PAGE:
Takeover Series: Sew-It-Yourself
Part 1 of this week’s Takeover Series is Suzanne Alexander. She is a Geographer and Maker with a passion for environmental stewardship and fighting the effects of human induced climate change. Suzanne is the 1/2 of the girl-boss duo behind this year’s Clothing Swap during Fashion Revolution Week YYC this April.
Hey there folks, Suzanne here!
Today, I’d love to chat with you about sewing. Home sewing is having a real resurgence these days, and I must admit that I’ve been caught up in the excitement. I learned how to sew as a preteen from my mom and my excellent junior high Home Ec. teacher, but I didn’t continue the practice until recently. The urge to make a special shirt for Calgary’s 2018 Pride festivities reopened the sewing world, and wowza is it more exciting than it was when I was younger.
There is such an incredible sewing community online, and small, women-led pattern and fabric companies to support. As I began sewing again, it’s been really important for me to be conscious of the fibres I work with and the waste I create. I’ve been having so much fun searching for fabrics to upcycle, and finding a use for old clothes that are no longer wearable. One such example is a bedsheet that’s been transformed into a #kalleshirtdress and more than a few pattern weights (next up for rest of the sheet, PJ’s!).
At Value Village, I’ve found metres of great fabrics that I’ve used to sew swimwear, an in-progress #kalleshirtdress tunic, and who knows what I’ll do next with the remainder of my thrifted fabric stash. Another awesome place I’ve found heaps of thrifted fabric is a theatre costume sale held at the Walterdale Playhouse in Edmonton. The costume designers I met that day gave me so much encouragement and technical sewing advice, and those interactions make the fabric I got all the more special. Did I mention that I paid $5 for two giant bags of fabric??? As a part of our takeover this week I took on the challenge of sewing co-planner of the Clothing Swap, Emily and I a couple of workout tops out of entirely thrifted fabric gathered from our colleagues at Fashion Revolution YYC.
Have I convinced you to yet? Here are three more reasons to sew with thrifted fabric:
It’s low stakes. For amateur sewers like myself, cutting into fancy or expensive fabric can be so stressful! Using thrifted fabric can feel a bit less stressful because of the lower cost investment and knowledge that you’ve already done the good deed of giving the fabric a second life. So if a mistake happens, you haven’t been as wasteful.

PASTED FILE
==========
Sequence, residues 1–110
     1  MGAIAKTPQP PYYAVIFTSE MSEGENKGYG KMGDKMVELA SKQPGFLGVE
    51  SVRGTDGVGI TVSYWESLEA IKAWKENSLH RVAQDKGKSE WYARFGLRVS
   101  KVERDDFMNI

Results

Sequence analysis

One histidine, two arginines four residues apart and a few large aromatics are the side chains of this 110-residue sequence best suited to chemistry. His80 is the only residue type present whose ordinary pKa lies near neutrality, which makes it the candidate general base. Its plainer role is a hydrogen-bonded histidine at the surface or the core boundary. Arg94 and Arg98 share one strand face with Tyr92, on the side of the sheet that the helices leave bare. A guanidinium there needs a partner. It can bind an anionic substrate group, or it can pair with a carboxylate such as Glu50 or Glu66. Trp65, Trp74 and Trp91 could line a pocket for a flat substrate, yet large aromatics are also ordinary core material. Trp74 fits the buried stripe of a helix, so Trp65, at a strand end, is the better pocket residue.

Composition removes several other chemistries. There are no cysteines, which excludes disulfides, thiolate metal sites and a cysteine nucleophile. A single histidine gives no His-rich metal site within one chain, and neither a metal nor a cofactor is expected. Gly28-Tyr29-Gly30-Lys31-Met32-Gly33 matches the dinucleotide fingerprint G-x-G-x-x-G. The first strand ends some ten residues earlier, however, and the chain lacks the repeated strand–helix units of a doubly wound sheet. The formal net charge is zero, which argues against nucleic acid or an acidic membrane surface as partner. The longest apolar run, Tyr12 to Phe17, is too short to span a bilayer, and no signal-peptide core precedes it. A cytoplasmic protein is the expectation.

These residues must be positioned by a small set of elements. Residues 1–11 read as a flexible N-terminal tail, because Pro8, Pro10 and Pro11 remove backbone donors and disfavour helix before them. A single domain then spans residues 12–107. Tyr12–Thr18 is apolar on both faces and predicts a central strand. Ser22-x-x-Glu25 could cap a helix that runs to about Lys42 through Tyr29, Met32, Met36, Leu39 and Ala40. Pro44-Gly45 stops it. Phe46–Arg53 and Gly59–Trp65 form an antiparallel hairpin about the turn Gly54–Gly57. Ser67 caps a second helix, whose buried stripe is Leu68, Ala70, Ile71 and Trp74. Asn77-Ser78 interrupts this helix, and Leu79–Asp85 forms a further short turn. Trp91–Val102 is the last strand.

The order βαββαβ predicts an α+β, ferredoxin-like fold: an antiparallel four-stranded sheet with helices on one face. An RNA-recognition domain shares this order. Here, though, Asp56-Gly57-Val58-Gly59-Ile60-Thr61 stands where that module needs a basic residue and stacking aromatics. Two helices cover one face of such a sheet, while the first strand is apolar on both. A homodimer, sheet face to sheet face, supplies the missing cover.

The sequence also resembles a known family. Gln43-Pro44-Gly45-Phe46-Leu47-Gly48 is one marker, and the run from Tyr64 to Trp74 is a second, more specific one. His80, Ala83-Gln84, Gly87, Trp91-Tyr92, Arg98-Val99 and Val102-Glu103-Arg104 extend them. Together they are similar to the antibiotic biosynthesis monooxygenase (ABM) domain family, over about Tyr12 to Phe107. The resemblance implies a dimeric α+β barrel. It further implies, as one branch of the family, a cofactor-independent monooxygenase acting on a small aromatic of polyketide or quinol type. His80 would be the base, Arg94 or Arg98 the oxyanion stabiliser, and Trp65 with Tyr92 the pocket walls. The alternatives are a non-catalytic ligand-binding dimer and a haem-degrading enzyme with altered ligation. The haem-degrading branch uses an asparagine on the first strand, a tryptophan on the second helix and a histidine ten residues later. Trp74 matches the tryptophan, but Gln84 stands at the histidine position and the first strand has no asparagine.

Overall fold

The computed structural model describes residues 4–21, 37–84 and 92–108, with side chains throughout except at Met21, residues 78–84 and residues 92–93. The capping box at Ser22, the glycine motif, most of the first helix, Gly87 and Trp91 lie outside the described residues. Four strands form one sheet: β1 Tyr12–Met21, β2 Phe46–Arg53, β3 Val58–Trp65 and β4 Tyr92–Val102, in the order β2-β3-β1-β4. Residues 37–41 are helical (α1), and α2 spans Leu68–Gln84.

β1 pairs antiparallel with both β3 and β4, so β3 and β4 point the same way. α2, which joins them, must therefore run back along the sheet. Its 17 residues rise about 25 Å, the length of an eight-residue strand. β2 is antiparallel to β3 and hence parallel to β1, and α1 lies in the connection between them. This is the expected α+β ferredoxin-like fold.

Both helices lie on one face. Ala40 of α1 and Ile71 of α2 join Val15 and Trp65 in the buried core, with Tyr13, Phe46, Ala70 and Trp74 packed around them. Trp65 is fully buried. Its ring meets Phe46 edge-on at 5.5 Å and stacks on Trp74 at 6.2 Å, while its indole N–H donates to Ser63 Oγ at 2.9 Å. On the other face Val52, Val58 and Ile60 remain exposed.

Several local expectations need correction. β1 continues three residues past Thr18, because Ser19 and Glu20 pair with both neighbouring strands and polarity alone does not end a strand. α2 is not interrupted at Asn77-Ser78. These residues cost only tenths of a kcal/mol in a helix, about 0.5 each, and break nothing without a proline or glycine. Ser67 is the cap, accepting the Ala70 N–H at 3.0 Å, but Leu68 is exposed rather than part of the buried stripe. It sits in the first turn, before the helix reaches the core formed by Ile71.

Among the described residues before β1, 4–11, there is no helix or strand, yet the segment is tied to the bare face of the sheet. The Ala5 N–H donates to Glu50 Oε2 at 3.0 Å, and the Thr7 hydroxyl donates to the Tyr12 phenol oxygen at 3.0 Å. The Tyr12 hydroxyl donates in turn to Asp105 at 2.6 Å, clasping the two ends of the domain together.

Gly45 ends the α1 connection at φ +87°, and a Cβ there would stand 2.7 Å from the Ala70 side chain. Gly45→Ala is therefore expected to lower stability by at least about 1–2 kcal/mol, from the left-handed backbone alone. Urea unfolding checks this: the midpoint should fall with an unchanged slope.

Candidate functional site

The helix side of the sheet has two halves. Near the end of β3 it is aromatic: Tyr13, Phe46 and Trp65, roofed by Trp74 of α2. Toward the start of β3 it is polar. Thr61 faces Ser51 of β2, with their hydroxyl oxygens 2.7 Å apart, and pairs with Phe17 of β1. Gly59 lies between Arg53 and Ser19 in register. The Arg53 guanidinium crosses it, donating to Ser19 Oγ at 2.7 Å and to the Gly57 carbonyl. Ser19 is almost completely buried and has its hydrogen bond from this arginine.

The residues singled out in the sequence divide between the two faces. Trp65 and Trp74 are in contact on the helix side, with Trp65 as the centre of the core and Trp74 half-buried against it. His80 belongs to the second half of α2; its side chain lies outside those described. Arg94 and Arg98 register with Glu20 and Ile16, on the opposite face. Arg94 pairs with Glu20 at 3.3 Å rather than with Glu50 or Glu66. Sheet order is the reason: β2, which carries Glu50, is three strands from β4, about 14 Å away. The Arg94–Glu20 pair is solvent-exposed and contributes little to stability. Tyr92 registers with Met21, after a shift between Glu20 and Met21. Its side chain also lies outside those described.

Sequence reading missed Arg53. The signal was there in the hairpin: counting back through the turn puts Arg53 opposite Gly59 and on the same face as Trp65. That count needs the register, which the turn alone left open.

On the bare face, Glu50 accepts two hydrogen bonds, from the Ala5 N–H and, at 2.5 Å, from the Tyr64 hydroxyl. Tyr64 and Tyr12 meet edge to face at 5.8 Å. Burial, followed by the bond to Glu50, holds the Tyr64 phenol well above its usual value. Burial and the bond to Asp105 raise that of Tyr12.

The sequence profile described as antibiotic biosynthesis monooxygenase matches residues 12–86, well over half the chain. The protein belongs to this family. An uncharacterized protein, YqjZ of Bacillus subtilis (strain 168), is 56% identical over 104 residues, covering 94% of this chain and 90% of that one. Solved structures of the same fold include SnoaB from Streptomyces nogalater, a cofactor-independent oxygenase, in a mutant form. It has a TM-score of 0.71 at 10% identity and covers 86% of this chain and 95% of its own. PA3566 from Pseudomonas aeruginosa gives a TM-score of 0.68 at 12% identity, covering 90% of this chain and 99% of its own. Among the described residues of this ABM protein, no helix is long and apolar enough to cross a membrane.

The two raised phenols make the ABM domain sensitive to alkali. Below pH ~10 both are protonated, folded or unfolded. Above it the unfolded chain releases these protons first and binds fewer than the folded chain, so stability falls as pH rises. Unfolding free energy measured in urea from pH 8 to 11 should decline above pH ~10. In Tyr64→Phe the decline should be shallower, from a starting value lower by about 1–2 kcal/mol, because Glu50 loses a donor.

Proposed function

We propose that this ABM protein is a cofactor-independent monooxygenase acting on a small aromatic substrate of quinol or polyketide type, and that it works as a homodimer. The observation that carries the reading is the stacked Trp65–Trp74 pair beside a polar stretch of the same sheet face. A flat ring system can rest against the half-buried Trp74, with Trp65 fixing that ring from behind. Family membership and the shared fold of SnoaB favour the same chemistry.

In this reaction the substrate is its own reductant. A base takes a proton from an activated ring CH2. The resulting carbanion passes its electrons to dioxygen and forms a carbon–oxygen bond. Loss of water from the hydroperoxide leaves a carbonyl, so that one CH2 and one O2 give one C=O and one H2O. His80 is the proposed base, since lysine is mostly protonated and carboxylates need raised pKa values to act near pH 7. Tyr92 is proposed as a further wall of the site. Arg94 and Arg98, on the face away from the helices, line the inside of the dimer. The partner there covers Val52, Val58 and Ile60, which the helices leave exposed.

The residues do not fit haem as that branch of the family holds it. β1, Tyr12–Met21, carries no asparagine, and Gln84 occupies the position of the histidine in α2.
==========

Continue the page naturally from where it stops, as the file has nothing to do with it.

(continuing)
It’s interesting! You often have to get more creative with thrifting fabric since you don’t necessarily know the exact fibre content or fabric details, and you’re more likely to find a quirky or edgy fabric that you may not have chosen when shopping new fabrics. Maybe this will mean experimenting with vintage prints, or a statement yoke!
It’s more ethical environmentally, obviously!! Choosing organic and natural fibres are always great practices, but the reality is that so many textiles already exist in the world, and giving them the longest life possible is the best option. The Reduce and Reuse aspects of sustainable living are the most important, even when Recycling is an option.
In the online sewing community, sustainability and ethics in our practice is a constant thriving conversation. I’m inspired every day by seeing how other sewists use their scraps, sew with thrifted fabric, and make use of every part of paper pattern waste. One project that I’m currently saving my scraps for is a free pattern for a big floor pouf created by Closet Case Patterns (check out their Instagram at @closetcase.patterns) designed to use up all the fibre waste a sewist creates. The pattern is designed so you can stuff the pouf with all thread clippings and tiny fabric scraps that would otherwise hit the landfill.
Sewing as a practice has made me much more interested in the art of garments and the incredible process it takes the create them. Ready to wear fashion never made me feel as knowledgeable or style obsessed as sewing has. It’s made me love every ruffle so much more, and become mesmerized by top stitching, and constantly asking people if I can feel the fabric in their clothes to figure out the fibre content. The pride I feel when I show off a self-sewn garment is huge, and I feel so grateful to be able to develop my craft in harmony with the natural world, rather than in spite of it.
PS - if you want to learn more about sewing or get tips on what patterns to use, check out the podcasts Love to Sew and Sewing Out Loud. And follow @truebias, @blackbirdfabrics, @inthefolds, @helens_closet, and fashion rev YYC’s own @assembleworkshop.
Thumbnail Image via Unsplash by Hermes Rivera